“For I know that nothing good dwells in me, that is, in my flesh; for the willing is present in me, but the doing of the good is not. For the good that I want, I do not do, but I practice the very evil that I do not want. But if I am doing the very thing I do not want, I am no longer the one doing it, but sin which dwells in me. I find then the principle that evil is present in me, the one who wants to do good.”
There it is, clear as day, right? The “Two Natures” battle in the Christian. If we isolate the Apostle’s statement it would be obvious that he means that as a Christian (because he is a Christian at the time of writing this) Paul struggles with doing what God desires him to do as a Born Again believer, and instead does Evil.
I’d like to take a closer look at this statement, since almost every commentator takes these words to mean just that, the “Two Natures of the Christian” claim. 1
These verses are embedded in a chapter that gives us very good clues to Paul’s meaning. And in turn chapter 7 is embedded in a letter that is different from all Paul’s other letters. And this information helps us to understand what he means in these verses. Is he talking from a pre-Christian perspective or a post-conversion perspective, i.e., as a Believer?
First, chapter 7 starts out with Paul discussing the purpose and effectiveness of the Law on Mankind’s behavior, and that Mankind remains under the Law until Christ’s coming, and that through Him we have been released from the Law and its power (7:5,6). But he asks the question — since the Law produced sin in him, is the Law sin? Of course not, he answers, we wouldn’t have known sin without it! But the Law was powerless to help us resist sin. So he states in verse 14 that for this reason he is in bondage to sin (v. 14), and he can’t help but sin even though he does not want to (v. 15). We have all been there; there is still in the unsaved man a spark of conscience to want to do good. This conscience is a gift from God. But being in slavery to sin he is unable to always do good. This is “Total Depravity,” being a slave to sin, not that one can’t do a good deed on occasion, only that mankind is a slave to sin and can’t save himself from his fallen, sinful nature. Now this bondage to sin is so strong Paul says that it is the sin in him that is the cause, not him (v. 17). “But if I am doing the very thing I do not want, I am no longer the one doing it, but sin which dwells in me”, verse 20. An interesting way of putting it! But he is frustrated and adds that sin is “waging war against the law of my mind and making me a prisoner of the law of sin which is in my members” v.23. He finally ends, in v .24, “Wretched man that I am! Who will set me free from the body of this death?”.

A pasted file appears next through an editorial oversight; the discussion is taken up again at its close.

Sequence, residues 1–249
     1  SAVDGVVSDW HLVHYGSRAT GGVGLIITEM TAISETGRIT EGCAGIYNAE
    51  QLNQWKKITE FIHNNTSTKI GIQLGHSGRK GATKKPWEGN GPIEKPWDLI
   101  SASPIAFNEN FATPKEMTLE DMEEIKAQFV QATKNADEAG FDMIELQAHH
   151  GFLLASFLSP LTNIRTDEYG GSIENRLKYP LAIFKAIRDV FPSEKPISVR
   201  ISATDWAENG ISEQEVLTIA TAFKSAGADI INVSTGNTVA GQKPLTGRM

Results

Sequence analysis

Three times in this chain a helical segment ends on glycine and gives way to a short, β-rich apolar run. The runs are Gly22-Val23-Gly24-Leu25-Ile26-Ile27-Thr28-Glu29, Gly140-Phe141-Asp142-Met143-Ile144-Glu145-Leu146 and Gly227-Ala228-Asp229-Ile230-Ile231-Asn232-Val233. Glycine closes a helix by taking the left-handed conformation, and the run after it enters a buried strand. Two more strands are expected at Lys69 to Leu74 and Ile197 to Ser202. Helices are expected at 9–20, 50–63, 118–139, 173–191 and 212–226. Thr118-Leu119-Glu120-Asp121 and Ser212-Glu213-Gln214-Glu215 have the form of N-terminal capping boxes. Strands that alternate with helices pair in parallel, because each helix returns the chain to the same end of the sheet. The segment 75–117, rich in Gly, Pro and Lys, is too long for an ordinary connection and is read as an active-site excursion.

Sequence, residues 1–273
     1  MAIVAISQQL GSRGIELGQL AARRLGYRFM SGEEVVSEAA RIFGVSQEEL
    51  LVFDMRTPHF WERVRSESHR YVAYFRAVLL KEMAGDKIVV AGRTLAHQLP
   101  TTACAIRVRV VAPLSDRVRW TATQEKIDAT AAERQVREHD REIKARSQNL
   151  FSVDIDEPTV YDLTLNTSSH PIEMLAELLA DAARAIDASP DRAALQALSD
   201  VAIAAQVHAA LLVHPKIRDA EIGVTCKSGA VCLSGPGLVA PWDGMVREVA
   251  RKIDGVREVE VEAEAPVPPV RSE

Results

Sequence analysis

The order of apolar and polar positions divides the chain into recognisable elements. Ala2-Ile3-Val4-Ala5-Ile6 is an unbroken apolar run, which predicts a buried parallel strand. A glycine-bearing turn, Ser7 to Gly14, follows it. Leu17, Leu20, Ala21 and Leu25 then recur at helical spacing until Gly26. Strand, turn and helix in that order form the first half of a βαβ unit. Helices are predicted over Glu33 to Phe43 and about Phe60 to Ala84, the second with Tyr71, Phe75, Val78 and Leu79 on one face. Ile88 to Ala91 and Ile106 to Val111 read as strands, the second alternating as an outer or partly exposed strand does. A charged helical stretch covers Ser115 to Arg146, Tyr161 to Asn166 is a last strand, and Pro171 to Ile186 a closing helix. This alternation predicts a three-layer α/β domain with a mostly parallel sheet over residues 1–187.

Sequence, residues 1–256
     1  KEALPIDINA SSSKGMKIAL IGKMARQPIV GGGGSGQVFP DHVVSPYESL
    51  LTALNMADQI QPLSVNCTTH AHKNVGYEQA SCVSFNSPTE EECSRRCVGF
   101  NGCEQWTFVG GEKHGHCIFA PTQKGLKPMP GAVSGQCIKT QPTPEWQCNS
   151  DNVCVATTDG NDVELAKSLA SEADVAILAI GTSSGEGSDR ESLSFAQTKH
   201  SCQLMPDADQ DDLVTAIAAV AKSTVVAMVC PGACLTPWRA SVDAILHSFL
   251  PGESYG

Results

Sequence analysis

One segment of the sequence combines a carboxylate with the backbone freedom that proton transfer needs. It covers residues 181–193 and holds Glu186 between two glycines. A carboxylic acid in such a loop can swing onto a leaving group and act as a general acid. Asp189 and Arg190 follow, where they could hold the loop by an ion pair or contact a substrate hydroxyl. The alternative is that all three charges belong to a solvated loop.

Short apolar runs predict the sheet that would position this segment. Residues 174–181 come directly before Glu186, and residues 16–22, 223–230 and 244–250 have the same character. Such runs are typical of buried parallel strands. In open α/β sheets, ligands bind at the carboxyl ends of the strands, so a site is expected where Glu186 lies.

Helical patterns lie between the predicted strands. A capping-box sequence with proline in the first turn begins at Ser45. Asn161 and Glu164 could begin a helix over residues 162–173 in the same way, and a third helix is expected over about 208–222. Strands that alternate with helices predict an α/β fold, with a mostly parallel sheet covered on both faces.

So if we pause here before looking at the last verse of chapter 7, let’s ask the question: Can a Christian make the following statements:
- “For we know that the Law is spiritual, but I am of flesh, sold into bondage to sin.”
- “nothing good dwells in me, that is, in my flesh; for the willing is present in me, but the doing of the good is not.” v. 18
- “I practice the very evil that I do not want.”
- “Who will set me free from the body of this death?”
Actually Paul hints, actually, more than hints, at the answers in chapter 6. Consider these 7 verses:
“our old self was crucified with Him, in order that our body of sin might be done away with, so that we would no longer be slaves to sin” 6:6
“for he who has died is freed from sin.” 6:7
“consider yourselves to be dead to sin, but alive to God in Christ Jesus.” 6:11
“For sin shall not be master over you, for you are not under law but under grace.”
“But thanks be to God that though you were slaves of sin, you became obedient” to Christ (6:17)
“and having been freed from sin, you became slaves of righteousness.” (6:18)
“But now having been freed from sin and enslaved to God, you derive your benefit, resulting in sanctification, and the outcome, eternal life.” (6:22)